If $x^3+y^3-3\alpha xy=1$, is there an expression for the integral $$\int_0^z \frac{\mathrm dx}{y^2-\alpha x}$$ in terms of more familiar functions?

A.C. Dixon introduced the elliptic functions $\operatorname{sm}(u,\alpha)$ and $\operatorname{cm}(u,\alpha)$ now named after him in this article. It can be shown (see e.g. my writeup here) that these functions can be expressed in terms of the more conventional Weierstrass elliptic functions, e.g.

$$\operatorname{sm}(u,\alpha)=-\frac{2\wp\left(u;g_2,g_3\right)+\frac{\alpha^2}{2}}{\wp^\prime\left(u;g_2,g_3\right)+\alpha\wp\left(u;g_2,g_3\right)-\frac{\alpha^3+4}{12}}$$

where

$$\begin{align*} g_2&=\frac{\alpha}{12}\left(\alpha^3-8\right)\\ g_3&=\frac{8-20\alpha^3-\alpha^6}{216} \end{align*}$$

The problem stated above is then equivalent to asking for a (hopefully simpler) explicit expression for the inverse Dixon elliptic function, $\operatorname{sm}^{(-1)}(z,\alpha)$.

Lagrangian inversion of the Maclaurin series for $\operatorname{sm}(u,\alpha)$ yields the series

$$z-\frac{\alpha z^2}{2}+\frac{5 \alpha^3+2}{12} z^4-\frac{\alpha\left(7 \alpha ^3+4\right)}{15} z^5+\frac{44 \alpha^6+40 \alpha^3+5}{63} z^7+c_8 z^8+\cdots$$

where the Maclaurin coefficients $c_n$ satisfy the recurrence

$$n(n+1)(n+2)c_n-(n+3)\left(18 \alpha ^3+4 \alpha ^3 n^2+n^2+18 \alpha ^3 n-3 n-24\right)c_{n+3}-(n+6)\left(180 \alpha ^3+\left(4 \alpha ^3+1\right) n^2+3 \left(18 \alpha ^3+7\right) n+84\right)c_{n+6}+(n+7)(n+8)(n+9) c_{n+9}=0$$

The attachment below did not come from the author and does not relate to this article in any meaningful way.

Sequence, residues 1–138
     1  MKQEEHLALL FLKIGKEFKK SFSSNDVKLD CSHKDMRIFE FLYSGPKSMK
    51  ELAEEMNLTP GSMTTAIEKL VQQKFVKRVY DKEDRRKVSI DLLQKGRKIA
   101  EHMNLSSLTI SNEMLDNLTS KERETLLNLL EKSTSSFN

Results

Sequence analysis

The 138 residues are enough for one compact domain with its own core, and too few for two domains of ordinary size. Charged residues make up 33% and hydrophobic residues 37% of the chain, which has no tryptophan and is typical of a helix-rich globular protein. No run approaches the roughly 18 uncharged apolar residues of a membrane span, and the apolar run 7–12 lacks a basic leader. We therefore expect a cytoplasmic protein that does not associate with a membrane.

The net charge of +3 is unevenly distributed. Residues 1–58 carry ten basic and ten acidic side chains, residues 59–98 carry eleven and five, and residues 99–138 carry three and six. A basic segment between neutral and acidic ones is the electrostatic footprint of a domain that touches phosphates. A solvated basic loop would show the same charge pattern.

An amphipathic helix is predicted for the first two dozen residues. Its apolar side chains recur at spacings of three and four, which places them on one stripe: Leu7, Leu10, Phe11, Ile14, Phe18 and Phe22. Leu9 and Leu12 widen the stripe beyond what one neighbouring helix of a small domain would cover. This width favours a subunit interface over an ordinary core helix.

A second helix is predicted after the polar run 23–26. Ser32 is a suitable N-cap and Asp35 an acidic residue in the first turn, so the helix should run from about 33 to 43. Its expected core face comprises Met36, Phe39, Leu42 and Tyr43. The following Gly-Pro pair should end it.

and with a little more work, one can derive the differential equation satisfied by $w=\operatorname{sm}^{(-1)}(z,\alpha)$:

$$(z+1)\left(z^2-z+1\right)\left(z^6-2\left(2 \alpha^3+1\right) z^3+1\right)w^{(3)}(z)+6 z^2\left(z^6+\left(1-\alpha^3\right) z^3-3\alpha^3-2\right)w^{\prime\prime}(z)+2z\left(3z^6+\left(\alpha^3+7\right)z^3-5\alpha^3-2\right) w^\prime(z)=0$$

Unfortunately, I have not succeeded in making further headway. I have reason to suspect that a (generalized) hypergeometric function (e.g. Appell's $F_1$) is involved, considering that the special value $\operatorname{sm}^{(-1)}(1,\alpha)$ is expressible in terms of the Gaussian hypergeometric function:

$$\operatorname{sm}^{(-1)}(1,\alpha)=\frac13 B\left(\frac13,\frac13\right) {}_2F_1\left({{\frac13,\frac13}\atop{\frac23}}\middle|-\alpha^3\right)+\frac{\alpha}{3} B\left(\frac23,\frac23\right) {}_2F_1\left({{\frac23,\frac23}\atop{\frac43}}\middle|-\alpha^3\right)$$

where $B(x,y)=\dfrac{\Gamma(x)\Gamma(y)}{\Gamma(x+y)}$ is the usual beta function.

This has been out for a while, but I have not yet gotten anything that is computationally useful (or even something I can numerically experiment with).

So, to spell things out *very explicitly*:

Given the standard Weierstrass reduction outlined above for $x^3+y^3-3\alpha xy=1$, can someone please write out the explicit representation of the inverse Dixon function $\operatorname{sm}^{(-1)}(z,\alpha)=\int_0^z \frac{\mathrm dx}{y^2-\alpha x}$, perhaps in terms of standard elliptic integrals or multivariate hypergeometric functions?

(I can worry about implementation details later; I just need a starting point.)

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